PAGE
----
In a compromise, acting state Education Commissioner Angelica Allen-McMillan said Friday that districts will be required to submit local assessment data and identify student learning gaps when they apply for the new grants.

“Since the start of the pandemic almost a year ago, I have been warning of the devastating learning loss that has impacted our districts,” Sen. Ruiz said in a statement, adding that she does not support the request for a testing waiver but is “encouraged” by the state’s plan to collect district test results. “While the data collected does not provide the same level of detail that a statewide summative assessment would, it can help us address the current need.”

Exactly how many New Jersey students have fallen behind since school buildings closed last March and how much their academic progress has slowed is unclear due to the lack of statewide assessments. Nationwide testing data from the fall showed that, on average, students lost more ground in math than reading, with students of color falling further behind than white students.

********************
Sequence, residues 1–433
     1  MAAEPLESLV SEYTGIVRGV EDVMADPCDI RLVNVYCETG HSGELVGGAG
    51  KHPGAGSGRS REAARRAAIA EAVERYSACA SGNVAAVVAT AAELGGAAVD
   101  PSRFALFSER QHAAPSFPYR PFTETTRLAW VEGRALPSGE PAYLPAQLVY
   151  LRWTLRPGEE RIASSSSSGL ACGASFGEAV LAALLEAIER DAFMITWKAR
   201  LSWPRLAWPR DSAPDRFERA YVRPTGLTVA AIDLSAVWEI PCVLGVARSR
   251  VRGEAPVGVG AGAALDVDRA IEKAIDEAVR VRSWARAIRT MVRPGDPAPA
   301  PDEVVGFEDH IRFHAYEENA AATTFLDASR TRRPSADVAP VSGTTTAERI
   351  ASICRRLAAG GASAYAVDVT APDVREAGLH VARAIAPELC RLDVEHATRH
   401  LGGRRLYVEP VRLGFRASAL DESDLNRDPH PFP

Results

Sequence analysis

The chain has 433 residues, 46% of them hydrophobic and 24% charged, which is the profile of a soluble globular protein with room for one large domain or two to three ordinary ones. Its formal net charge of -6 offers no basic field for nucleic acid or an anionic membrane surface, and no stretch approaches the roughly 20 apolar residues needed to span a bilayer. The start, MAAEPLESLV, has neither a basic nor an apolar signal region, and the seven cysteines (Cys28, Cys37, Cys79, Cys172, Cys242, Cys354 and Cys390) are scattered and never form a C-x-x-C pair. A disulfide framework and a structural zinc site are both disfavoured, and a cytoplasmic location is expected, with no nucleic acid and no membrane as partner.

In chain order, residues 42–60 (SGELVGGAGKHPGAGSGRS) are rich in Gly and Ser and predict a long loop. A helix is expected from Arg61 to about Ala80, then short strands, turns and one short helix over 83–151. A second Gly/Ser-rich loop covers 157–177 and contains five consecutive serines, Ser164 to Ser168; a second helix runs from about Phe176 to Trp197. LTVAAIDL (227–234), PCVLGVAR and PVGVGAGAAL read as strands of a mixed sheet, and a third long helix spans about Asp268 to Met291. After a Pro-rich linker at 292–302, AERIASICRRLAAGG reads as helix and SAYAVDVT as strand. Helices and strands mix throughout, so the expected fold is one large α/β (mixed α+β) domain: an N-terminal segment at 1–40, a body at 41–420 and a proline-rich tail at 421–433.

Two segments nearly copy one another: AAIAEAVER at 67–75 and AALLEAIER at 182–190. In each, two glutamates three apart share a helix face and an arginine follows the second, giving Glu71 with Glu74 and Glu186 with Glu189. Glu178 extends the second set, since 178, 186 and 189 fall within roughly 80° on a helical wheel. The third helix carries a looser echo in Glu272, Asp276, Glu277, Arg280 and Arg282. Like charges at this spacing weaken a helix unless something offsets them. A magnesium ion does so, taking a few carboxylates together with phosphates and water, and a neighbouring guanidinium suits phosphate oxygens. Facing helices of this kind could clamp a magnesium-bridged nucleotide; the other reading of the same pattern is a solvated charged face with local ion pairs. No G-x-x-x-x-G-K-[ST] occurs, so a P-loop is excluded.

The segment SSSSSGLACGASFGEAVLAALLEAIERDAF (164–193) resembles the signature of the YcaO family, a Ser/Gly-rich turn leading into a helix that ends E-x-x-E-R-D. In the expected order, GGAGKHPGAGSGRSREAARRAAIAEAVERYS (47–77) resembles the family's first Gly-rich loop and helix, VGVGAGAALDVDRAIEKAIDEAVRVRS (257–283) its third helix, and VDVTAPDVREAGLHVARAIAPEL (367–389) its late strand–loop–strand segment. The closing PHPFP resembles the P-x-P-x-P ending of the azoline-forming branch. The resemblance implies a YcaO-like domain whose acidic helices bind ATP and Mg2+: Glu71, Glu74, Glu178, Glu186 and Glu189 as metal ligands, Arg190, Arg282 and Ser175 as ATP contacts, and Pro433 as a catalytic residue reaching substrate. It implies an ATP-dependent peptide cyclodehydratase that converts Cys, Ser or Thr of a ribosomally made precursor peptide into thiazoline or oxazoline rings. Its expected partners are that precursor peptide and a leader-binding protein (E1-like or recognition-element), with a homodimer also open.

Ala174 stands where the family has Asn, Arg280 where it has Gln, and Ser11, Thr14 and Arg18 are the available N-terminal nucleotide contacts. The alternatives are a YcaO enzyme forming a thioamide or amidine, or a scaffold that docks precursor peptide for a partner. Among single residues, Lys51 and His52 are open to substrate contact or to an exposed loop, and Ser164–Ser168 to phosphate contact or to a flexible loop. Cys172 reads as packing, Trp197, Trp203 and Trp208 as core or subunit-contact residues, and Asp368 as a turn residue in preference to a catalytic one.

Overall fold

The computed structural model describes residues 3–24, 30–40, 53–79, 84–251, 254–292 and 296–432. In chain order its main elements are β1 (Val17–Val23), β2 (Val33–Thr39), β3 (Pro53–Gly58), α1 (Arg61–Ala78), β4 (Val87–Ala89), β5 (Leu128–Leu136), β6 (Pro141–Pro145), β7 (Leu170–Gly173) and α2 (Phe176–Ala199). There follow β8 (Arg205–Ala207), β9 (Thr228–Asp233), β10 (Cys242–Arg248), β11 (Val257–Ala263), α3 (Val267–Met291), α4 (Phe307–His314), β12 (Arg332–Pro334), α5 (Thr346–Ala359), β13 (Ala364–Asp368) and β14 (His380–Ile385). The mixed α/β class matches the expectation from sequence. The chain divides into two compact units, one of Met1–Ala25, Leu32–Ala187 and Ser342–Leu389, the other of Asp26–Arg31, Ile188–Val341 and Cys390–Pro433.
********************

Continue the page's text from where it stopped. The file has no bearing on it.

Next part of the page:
On Friday, the state announced several efforts to combat that learning loss.

It will provide $75 million in grants to districts for academic support programs such as one-on-one tutoring, summer school, and teacher training. Another $30 million in grants will fund mental health services for educators and students, many of whom have reported feeling isolated, anxious, or depressed during the pandemic and the prolonged school closures.

The state education department also created an online repository of effective practices that districts across the state have reported for addressing pandemic-related challenges including learning loss and absenteeism.

“This resource will help school districts identify strategies and effectively leverage all of the funding streams we are announcing today,” Allen-McMillan said.

Next fall, the state will provide districts with two diagnostic tests to gauge student learning: Start Strong tests in math, reading, and science, which the state piloted this fall; and an assessment for incoming kindergarteners.

Officials did not say whether the state will require districts to use those assessments. This school year, just over 80 districts administered the optional Start Strong tests. The vast majority of districts gave different tests, making it difficult to measure the pandemic’s toll on students statewide.

For now, Allen-McMillan said the state is “hoping for the best and preparing for the worst” when it comes to receiving a federal testing waiver for this spring’s test, which are given to students in grades 3-8 and some high schoolers. If the state’s request is denied, districts will have through June to administer the tests.

“That gives us flexibility if indeed we are required to administer the spring suite of assessments,” the acting commissioner said.